The broadband over power line project in a rural North Carolina is designed to provide competitive alternatives to DSL and cable modem service.
Federal Communications Commission chairman Michael Powell demonstrated just how committed he is to finding competitive alternatives to broadband, when he visited a broadband over power line project in rural Wake County, N.C.
The test, which is bringing BPL to three neighborhoods, is being conducted by Progress Energy, EarthlLnk, and Amperion. A spokesman for Progress Energy said a "technology test" was successfully completed last year; The current trial will determine the feasibility of the finer points of the technology and determine its commercial possibilities.
Powell--who has already expressed a strong commitment to BPL--was accompanied on Friday's visit by two colleagues. The FCC last month, in an effort to smooth the way to more widespread use of BPL, proposed changes to some technical rules designed to solve any interference difficulties.
"Commissioner Powell saw a 2.5-Mbps downlink and 1.3-Mbps uplink demo," said Matt Oja, Progress's director of emerging technologies, in an interview Monday. "This is more of a middle-to-last mile solution." While the FCC has expressed an interest in promoting BPL as an alternative to DSL and cable-modem broadband, it is likely to be most competitive in semi-rural and rural areas.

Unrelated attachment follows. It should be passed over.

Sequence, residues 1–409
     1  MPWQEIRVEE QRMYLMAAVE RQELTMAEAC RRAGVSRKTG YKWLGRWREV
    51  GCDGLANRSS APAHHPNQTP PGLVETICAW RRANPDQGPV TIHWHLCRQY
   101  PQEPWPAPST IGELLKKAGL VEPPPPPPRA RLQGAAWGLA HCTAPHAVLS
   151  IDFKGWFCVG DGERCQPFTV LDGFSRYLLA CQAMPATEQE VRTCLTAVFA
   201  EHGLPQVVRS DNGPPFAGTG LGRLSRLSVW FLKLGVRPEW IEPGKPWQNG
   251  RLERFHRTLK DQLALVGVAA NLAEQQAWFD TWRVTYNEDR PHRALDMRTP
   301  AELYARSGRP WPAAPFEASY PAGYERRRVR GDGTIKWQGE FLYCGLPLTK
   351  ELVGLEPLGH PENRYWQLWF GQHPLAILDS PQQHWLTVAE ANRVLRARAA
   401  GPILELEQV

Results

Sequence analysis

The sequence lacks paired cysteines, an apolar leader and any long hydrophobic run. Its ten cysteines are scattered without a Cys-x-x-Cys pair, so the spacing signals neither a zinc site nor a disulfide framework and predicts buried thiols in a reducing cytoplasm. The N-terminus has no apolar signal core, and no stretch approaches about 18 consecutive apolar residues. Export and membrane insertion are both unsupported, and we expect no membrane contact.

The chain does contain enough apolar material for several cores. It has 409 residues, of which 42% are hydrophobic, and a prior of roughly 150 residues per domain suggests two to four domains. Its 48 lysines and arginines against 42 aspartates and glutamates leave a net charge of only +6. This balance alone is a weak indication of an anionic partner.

Amperion gets involved by supplying 18- to 24-Mbps transmissions of medium-voltage down-power lines. It then adds Wi-Fi hotspots to deliver broadband to end users. "We did Wi-Fi because medium voltage used for distribution can be life-threatening," said Bill Simon, Amperion's director of marketing. "Consumers then can do Wi-Fi, which is easy and safe."
Amperion recently completed a rollout of its BPL technology in Sault Ste. Marie, Ontario, creating a giant Wi-Fi hotspot in the Canadian city.
EarthLink is handling the marketing for the Wake County project. In all, the BPL technology is expected to pass by some 500 homes. Currently, the neighborhoods are served by cable modem but not by DSL. The project is seeking to sign up 20% of the homes.
Last month, the FCC proposed a new set of rules--called Part 15, in FCC vernacular--to foster BPL deployment and to safeguard against interference. The tests conducted last year in Wake County were said to have satisfied many, if not all, of the concerns over interference. The FCC Part 15 notice seeks to promulgate techniques that would require BPL devices to meet certain non-interference standards.
The entire BPL phenomenon is picking up steam nationally, as several firms--including many power utilities--are testing systems and beginning to bring them to market. In recent days, Cinergy Corp. and Current Communications have unveiled a BPL service. While the North Carolina project involves Wi-Fi as the final delivery vehicle, other BPL programs use T1 or fiber.
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